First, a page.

My name is Steven Priest. I studied the BSc in Film and Television Production in the Department of Theatre, Film and Television and graduated in 2013.


What did you do after graduating?

After only a short time at York I knew I wanted to pursue a career as a multi-camera studio director. With this in mind it's not surprising that I took a great interest in the TV side of the course. Upon graduating I followed the 'traditional' route into television; working first as a runner before becoming a researcher. During this time I worked on shows including Big Brother, Great British Menu, Gordon's Chrismas Cookalong Live and The Jump to name a few. When talking to my peers it became clear there is no right or wrong path to get to your dream job within television. As much as I loved my time as a runner and researcher, I knew I needed to get professional experience with the technical elements (cameras, lighting etc.) required to produce a show, as well as experience working in a gallery if I wanted to be a director.

Side view of the gallery from Radio 1 Big Weekend - Steven directing

It was the desire to get this experience that lead to me working at QVC as a director's assistant. In this role I sat next to the director in the gallery and was responsible for the show running to time,  all onscreen graphics and VT playout.  This job gave me invaluable experience of working in a fast-paced, live gallery; experiences which ultimately lead to my current job and first director's credit.

What do you do now?

I am currently working as a technical operator at Bloomberg news; and a freelance multi-camera director.

In my multi-skilled role at Bloomberg I am responsible for robotic, handheld and Jimmy Jib mounted camera operations, vision engineering and floor managing for live programming. It has been a fantastic introduction to everything technically involved in producing daily live studio shows with regular changes and challenges to overcome.

York has both theoretical and practical elements and you have the added bonus of learning the tech' behind the cameras.

In January 2016 I got my first directing credit on a fixed rig reality show for ITV 2 called Prank Pad. With this credit to my name and having learnt an awful lot, I was asked if I wanted to work as a director on the summer 2016 series of Big Brother/ Celebrity Big Brother. In this role I was responsible for covering the day-to-day action in the house - everything from filming the housemates as they sat in silence to wild arguments, tasks and live streaming on Channel 5. As nothing is scripted you have no idea what is going to happen and in that house it only takes seconds for what seems like a mundane chat to turn into a full-blown argument that hijacks that day's/week's story line. I'm convinced the lessons learnt while directing this show will continue to show themselves in the coming years.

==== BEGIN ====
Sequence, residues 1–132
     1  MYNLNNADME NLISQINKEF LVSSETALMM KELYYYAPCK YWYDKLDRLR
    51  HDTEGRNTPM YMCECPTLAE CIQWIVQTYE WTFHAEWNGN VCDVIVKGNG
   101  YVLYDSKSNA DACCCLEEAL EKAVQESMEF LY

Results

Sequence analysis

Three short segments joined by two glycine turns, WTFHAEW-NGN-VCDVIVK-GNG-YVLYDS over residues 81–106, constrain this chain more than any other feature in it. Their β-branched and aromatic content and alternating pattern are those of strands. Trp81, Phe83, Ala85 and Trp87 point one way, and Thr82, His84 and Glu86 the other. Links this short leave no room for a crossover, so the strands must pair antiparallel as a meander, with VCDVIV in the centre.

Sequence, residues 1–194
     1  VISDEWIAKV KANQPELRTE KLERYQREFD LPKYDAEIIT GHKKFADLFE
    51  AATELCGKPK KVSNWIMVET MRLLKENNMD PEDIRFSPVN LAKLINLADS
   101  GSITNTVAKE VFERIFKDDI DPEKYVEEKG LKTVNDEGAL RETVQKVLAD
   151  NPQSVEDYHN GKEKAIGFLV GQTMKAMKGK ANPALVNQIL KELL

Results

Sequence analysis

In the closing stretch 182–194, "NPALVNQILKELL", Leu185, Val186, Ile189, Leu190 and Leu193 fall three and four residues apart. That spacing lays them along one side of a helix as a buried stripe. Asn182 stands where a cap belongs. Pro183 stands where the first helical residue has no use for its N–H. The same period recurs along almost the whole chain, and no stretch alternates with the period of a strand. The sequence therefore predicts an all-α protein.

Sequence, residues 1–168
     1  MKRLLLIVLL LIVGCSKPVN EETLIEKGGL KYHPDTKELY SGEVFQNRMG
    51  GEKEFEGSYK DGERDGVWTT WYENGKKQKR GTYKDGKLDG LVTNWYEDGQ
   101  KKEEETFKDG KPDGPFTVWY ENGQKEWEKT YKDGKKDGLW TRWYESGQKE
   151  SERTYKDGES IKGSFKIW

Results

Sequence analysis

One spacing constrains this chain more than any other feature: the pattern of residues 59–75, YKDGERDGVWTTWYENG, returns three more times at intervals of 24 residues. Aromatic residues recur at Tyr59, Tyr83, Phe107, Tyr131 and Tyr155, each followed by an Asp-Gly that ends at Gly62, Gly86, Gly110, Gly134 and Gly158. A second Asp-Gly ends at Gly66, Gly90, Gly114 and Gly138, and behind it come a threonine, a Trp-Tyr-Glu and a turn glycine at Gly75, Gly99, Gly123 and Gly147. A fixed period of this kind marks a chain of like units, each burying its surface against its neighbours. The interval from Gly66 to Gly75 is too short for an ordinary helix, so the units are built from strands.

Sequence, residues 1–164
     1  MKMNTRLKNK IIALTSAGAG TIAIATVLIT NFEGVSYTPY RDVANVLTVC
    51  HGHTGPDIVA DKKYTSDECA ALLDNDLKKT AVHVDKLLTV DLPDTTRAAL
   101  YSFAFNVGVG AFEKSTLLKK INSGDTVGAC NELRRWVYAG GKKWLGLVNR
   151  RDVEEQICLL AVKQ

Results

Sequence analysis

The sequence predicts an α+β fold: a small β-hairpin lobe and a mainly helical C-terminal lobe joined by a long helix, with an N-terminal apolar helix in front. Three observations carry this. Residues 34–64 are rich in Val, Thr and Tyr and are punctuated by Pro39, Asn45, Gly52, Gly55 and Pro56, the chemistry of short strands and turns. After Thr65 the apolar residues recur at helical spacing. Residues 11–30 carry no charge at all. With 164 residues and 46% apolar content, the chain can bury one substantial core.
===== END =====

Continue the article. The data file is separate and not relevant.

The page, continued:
In doing your degree what has helped you in your professional life?

As an aspiring multi-camera director the most important lesson I learnt was the terminology used in the gallery along with how to read and write camera scripts, running orders and camera plans. These are documents I encountered on my first day as a runner on my very first show and knowing what they were, who needed them and what they meant helped me greatly. Knowing the work load of each person needed to make a TV show was also an important lesson. 

Gallery shot from behind for Radio 1 Big Weekend - Steven directing

Why did you choose the University of York?

When I was looking at universities I didn't know what I wanted to study. I knew I wanted to work within broadcast media but not exactly what. When I first heard about the Film and Television Production course at York it was exactly what I was looking for. Lots of courses were just theory based; York however, has both theoretical and practical elements and because it's a BSc you have the added bonus of learning the tech' behind the cameras. It might not seem important if you want to be a producer or script writer but believe me, increasingly you don't just have to just be a cameraman to need to use a broadcast quality camera. Producers regularly shoot along with researchers and sometimes even runners! 

The equipment on offer was also a massive draw for me. Colleagues to this day are still surprised when I talk about the facilities at York, there aren't many universities that have two TV studios! 

What would you say to someone thinking about studying at the Department of Theatre, Film and Television?

You won't find a Film and Television course better!  No matter what your dream job within the Film and TV industries, the skills you'll get from this course will help you get there!